Macy’s Thanksgiving Parade

History,Seasonal,Traditions,Travel Destinations
November 20, 2012

Learn the origin and history of Macy’s famous Thanksgiving parade

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For more than 85 years, Macy’s department store in New York City has hosted its annual holiday parade, today called the Macy’s Thanksgiving Day Parade. The first parade hosted by Macy’s hit the streets of New York in 1924. More than 250,000 people attended. Eight decades later, the annual event has more than three million spectators, as well as a large viewing audience on national television.

The first year. The 1924 Macy’s Christmas Parade was designed as a marketing ploy to entice shoppers to Macy’s department store in New York City. The parade featured store employees dressed in costume as clowns and other characters as well as four bands and animals from Central Park Zoo. Pulled by horses were three floats featuring children’s stories—The Old Lady Who Lived in a Shoe, Little Miss Muffet and Red Riding Hood. The parade traveled from 145th Street and Convent Avenue to 34th and Broadway, the location of the Macy’s store. The final parade character was Santa Claus.

Early years. In 1927, the first large helium balloon debuted in the parade, replacing the live animals. The popular cartoon character Felix the Cat made its way down the parade route, only to be released into the sky at the end because the organizers did not have a plan as to how to deflate the giant balloon. Mickey Mouse debuted as a balloon in 1934. Since those early days, more than 100 famous characters have been depicted as Macy’s helium balloons. Floats were just as important as the balloons and, until 1939, were pulled by horses.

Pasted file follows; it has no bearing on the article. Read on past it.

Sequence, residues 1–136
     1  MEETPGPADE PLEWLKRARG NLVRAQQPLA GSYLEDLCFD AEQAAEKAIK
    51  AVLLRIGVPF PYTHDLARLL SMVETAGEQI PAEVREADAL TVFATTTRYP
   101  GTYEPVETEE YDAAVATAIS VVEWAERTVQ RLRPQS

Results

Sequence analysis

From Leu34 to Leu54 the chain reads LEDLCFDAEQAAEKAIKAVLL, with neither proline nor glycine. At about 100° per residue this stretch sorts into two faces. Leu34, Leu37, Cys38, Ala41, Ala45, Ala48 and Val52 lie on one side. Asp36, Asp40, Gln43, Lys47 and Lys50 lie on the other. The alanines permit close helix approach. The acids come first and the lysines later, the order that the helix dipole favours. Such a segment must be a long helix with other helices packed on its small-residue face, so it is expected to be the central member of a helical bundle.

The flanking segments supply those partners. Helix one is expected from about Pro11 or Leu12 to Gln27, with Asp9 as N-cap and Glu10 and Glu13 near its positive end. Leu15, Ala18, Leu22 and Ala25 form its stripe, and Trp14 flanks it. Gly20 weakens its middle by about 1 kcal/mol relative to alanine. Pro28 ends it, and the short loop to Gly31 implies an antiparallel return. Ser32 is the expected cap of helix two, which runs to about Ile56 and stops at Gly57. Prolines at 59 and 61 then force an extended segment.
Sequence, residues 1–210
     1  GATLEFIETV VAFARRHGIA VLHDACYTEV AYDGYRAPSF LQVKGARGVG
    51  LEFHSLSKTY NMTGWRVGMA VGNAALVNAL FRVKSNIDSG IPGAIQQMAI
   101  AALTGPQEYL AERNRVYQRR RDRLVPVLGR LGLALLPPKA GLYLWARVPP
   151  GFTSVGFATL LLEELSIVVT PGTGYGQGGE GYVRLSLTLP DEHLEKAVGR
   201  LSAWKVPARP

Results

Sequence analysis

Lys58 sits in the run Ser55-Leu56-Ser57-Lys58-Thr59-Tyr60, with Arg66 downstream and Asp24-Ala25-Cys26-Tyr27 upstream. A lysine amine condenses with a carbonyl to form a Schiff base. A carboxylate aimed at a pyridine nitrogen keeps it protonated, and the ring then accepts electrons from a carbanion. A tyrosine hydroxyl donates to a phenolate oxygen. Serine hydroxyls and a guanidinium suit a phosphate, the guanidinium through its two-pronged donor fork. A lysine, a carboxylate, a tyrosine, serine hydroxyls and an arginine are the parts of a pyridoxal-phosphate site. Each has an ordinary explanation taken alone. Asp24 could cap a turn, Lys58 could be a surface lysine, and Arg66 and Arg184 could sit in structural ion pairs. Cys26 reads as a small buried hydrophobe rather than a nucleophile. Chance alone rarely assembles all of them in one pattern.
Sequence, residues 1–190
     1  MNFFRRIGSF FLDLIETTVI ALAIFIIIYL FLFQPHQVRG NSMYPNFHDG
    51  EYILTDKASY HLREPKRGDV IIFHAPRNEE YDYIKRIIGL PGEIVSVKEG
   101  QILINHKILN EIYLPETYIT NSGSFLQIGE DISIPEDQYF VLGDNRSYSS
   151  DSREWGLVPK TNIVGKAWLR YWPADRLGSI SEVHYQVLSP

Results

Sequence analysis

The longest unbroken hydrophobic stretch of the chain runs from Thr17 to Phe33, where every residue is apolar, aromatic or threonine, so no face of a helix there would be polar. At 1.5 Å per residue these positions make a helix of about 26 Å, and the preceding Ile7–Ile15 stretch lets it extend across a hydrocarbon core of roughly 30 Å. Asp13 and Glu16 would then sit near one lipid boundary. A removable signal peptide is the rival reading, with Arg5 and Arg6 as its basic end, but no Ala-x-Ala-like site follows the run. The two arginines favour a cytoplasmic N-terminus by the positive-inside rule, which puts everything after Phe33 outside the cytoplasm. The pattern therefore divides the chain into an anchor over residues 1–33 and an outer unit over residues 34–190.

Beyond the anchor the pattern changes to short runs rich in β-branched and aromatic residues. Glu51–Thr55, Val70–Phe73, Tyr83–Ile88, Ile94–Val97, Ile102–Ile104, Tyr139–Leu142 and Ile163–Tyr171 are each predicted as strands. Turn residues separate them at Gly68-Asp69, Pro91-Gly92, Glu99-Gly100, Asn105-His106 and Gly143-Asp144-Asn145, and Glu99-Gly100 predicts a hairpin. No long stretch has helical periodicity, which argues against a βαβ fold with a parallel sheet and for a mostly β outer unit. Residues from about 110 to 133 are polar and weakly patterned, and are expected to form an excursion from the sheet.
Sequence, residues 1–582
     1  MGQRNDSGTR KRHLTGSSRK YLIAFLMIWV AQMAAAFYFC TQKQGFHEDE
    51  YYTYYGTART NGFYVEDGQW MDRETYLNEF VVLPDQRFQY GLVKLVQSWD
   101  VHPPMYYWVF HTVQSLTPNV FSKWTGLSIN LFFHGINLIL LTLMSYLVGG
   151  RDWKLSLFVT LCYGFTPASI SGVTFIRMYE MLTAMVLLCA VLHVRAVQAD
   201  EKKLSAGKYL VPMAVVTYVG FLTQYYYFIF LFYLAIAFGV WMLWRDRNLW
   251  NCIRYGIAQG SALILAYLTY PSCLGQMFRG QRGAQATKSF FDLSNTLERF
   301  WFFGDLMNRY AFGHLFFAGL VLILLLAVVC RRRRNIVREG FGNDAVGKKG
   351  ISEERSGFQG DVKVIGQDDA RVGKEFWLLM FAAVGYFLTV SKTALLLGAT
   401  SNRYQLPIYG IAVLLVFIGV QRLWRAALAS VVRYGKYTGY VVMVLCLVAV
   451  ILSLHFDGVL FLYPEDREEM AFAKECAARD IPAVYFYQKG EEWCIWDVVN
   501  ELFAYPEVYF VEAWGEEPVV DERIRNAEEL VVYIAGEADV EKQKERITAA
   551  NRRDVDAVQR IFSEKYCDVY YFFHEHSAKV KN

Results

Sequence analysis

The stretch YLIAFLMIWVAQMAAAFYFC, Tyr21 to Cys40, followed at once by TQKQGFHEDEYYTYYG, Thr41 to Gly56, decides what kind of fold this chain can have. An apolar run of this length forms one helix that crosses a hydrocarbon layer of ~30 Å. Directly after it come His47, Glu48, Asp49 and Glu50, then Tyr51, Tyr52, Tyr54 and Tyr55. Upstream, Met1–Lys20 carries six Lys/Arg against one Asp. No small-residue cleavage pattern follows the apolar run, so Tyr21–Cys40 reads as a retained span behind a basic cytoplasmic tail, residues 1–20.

1942 to 1944. Due to World War II, there was a huge shortage of rubber and helium, two key components for the giant balloons featured in the annual parade. Macy’s donated its helium balloons to help with the rubber shortage. The years 1942 through 1944 have been the only ones the Macy’s Thanksgiving Day Parade has been suspended. Macy’s is the country’s second largest helium consumer after the U.S. government.

National tradition. The return of the parade in 1945 brought out more than two million people, reports Time Magazine. The parade had its first local telecast in 1946 and then went national in 1947. The parade grew, with Macy’s wanting to improve the event each year—more bands joined the route, and the number of giant balloons increased each year. The Snoopy balloon, which debuted in 1968, has seen six changes, the most of any other.

The stars. Hollywood stars have appeared on floats since the early years. Parade participants include Hollywood legends such as Harpo Marx, Ginger Rogers, Jackie Gleason, Shirley Temple and Sammy Davis Jr. In 1962, baseball great Willie Mays was one of the first sports stars to be in the parade. From singers to actors to comedians and the Radio City Music Hall Rockettes, the parade has always showcased some of the country’s best talent. Its hosts have included Ed McMahon, Al Roker, Katie Couric, Willard Scott and Betty White.